“Anonymous 4 always concentrate on crafting their justly famous vocal blend. But when you hear the individual girls’ voices while they’re warming up, they are quite different. But the sum of the parts is so much greater. They work hard, rehearsing in minute detail — and that sort of blend doesn’t just happen. They are four dedicated musicians. And their solidarity is strong. It’s like with a string quartet: You can’t not get along — you deal with things and get on with it.”

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John Tavener: Eternity’s Sunrise, etc.

Andrew Manze, violin; Patricia Rozario, soprano; Academy of Ancient Music; Paul Goodwin, conductor

(Harmonia Mundi, 1999)

A blend of the ancient and the modern, John Tavener’s orchestral-vocal work Eternity’s Sunrise revolves around themes of love, death and faith in the beyond — as do this album’s accompanying pieces, including the moving Funeral Canticle. Aptly, they were recorded in an otherworldly space: the City of London’s Temple Church, where bodies of 12th-century Knights Templar are buried beneath stone effigies on the floor. Tavener, 66, has said that this album is his favorite recording of his music, for the sensuality, intimacy and “quality of longing” achieved by the Academy of Ancient Music’s gut strings (senza vibrato), Baroque lute and archaic winds and percussion.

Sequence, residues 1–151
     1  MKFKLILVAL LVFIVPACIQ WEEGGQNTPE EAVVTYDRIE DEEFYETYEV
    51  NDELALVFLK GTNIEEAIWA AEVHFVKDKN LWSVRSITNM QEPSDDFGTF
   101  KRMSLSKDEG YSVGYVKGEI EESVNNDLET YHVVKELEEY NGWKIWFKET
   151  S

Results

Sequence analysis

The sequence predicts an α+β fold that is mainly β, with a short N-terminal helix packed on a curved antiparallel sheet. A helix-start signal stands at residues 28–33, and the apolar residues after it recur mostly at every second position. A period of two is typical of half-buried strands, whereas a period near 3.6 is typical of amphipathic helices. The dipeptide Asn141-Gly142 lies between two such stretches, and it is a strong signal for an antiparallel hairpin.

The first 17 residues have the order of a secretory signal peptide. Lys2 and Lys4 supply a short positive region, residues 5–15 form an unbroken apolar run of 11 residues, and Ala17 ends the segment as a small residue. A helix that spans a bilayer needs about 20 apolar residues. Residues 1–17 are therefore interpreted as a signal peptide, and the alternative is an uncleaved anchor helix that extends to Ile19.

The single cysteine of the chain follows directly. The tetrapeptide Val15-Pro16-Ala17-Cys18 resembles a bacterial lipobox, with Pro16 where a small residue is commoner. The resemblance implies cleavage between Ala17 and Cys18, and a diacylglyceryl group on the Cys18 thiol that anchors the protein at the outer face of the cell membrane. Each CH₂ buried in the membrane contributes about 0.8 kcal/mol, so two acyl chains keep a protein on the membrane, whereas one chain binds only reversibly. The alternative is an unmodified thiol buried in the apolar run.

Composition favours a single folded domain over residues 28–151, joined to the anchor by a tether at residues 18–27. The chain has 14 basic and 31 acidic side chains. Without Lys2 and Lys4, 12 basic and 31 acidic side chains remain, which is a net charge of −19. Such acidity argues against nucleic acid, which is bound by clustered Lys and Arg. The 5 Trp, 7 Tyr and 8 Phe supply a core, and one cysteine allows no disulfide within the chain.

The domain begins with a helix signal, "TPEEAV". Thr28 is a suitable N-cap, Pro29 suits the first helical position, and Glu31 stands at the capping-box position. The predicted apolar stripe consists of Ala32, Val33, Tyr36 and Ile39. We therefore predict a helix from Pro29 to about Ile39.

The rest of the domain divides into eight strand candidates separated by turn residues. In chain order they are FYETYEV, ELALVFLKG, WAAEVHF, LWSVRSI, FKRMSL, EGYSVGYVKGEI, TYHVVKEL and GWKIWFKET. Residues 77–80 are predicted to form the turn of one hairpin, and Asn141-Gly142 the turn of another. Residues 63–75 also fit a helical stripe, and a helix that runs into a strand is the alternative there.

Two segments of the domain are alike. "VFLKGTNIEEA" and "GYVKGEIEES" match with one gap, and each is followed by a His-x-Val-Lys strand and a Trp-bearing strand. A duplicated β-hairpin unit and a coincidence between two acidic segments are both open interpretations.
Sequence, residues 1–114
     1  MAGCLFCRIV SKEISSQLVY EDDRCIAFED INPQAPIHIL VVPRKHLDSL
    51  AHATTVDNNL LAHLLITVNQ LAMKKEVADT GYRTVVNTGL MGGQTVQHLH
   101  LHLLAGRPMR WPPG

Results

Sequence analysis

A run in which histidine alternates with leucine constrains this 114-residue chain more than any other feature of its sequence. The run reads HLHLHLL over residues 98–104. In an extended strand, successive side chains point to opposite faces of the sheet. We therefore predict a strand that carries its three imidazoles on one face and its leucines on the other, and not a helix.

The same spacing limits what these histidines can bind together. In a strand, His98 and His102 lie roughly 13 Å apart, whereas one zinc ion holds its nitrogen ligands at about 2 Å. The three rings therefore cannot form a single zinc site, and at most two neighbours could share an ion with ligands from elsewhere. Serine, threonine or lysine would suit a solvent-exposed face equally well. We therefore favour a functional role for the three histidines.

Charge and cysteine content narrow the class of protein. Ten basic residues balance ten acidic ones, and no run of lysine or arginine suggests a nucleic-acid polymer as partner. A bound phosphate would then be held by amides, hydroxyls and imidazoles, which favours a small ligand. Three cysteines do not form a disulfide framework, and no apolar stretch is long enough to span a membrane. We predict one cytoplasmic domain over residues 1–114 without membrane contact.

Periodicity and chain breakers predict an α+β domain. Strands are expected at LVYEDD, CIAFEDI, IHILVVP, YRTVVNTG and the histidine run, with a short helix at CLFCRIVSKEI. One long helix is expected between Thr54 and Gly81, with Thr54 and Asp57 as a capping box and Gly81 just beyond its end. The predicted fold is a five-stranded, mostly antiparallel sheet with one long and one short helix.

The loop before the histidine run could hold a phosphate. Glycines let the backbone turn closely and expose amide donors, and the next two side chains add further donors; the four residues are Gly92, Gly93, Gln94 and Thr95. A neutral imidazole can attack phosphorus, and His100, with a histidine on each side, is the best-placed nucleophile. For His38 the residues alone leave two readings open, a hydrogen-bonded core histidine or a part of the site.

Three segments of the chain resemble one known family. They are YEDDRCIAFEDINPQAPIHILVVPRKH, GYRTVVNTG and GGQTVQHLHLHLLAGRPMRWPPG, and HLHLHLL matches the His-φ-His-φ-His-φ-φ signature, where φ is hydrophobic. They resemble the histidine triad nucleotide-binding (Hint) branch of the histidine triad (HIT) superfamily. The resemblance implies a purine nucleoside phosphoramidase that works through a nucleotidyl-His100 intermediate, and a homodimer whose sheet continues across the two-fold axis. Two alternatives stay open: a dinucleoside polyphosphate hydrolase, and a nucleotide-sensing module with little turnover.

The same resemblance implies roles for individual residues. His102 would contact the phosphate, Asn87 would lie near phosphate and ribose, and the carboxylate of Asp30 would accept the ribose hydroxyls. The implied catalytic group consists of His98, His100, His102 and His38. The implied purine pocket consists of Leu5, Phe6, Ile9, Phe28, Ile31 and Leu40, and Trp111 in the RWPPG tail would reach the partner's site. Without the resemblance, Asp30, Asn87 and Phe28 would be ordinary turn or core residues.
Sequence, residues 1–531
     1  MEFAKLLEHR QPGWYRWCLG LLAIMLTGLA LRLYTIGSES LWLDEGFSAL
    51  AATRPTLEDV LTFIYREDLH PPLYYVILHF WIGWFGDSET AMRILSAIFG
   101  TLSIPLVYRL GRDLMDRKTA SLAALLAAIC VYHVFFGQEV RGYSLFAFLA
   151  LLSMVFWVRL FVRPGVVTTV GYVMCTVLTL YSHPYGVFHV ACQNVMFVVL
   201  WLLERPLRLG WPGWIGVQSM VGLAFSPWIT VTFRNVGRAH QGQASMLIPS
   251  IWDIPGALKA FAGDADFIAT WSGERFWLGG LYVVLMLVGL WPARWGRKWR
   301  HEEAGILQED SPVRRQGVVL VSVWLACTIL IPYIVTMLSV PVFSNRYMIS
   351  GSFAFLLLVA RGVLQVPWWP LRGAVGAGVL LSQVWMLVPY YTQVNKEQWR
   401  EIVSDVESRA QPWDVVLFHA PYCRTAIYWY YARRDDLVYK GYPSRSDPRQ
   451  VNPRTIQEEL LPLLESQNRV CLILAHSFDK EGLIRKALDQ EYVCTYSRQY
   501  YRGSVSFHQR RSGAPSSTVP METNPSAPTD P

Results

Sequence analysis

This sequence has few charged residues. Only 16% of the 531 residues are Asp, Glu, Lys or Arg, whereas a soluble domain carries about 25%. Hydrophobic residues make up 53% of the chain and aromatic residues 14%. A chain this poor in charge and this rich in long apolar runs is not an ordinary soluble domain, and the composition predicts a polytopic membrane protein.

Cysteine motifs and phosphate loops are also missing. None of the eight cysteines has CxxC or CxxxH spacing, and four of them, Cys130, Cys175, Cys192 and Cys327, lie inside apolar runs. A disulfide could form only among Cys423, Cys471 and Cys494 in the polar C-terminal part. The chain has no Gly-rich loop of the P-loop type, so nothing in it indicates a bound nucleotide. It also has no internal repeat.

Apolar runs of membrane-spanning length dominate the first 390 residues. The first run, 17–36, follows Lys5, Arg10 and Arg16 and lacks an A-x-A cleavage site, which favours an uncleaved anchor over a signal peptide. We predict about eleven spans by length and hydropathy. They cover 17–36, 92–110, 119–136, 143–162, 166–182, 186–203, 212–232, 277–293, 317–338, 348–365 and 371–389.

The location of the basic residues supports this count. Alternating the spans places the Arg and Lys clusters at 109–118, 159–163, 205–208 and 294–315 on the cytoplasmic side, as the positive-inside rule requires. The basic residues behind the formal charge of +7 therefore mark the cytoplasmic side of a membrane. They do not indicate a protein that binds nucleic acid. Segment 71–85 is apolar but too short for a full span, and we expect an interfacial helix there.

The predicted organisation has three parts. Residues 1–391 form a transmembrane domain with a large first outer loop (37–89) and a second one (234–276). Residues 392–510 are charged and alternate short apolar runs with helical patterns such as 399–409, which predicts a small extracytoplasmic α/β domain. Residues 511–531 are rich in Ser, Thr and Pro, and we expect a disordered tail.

“At first, I was scared stiff working with a living composer, let alone someone of the stature of Sir John Tavener,” Young recalls. “Yet he turned out an absolute lamb. John knew what he wanted, but he was so charming and encouraging of everyone’s talents. I have worked with Arvo Pärt now, too, and they share those qualities. I wish I could’ve had George Frideric Handel on some sessions! It would have made things a lot easier. Or perhaps not. He was supposed to have been jovial, but tempestuous, too. Supposedly, he got so mad at one of his sopranos that he threatened to hang her out the window by her feet until she sang something his way…

“At John’s behest, though, we did have to experiment. He wanted the solo violin to be especially ethereal in Song of the Angel. We achieved that by putting Andrew Manze down the church away from the orchestra. John loved that sort of thing. This was the first time he had written for period instruments, and John was enthralled by their sound. Gut strings are less forgiving than steel strings, but that means these players are better musicians for it, making the most of the challenges with a light technique.

“We had to space the orchestral players between the effigies of the knights on the Temple Church floor. It was very atmospheric. You’re dealing with music that is about death, the afterlife and things spiritual, and there are all these ancient dead guys under the floor. No one tripped over them, I’m glad to say.”

(Originally published in the winter 2010 issue of Listen magazine.)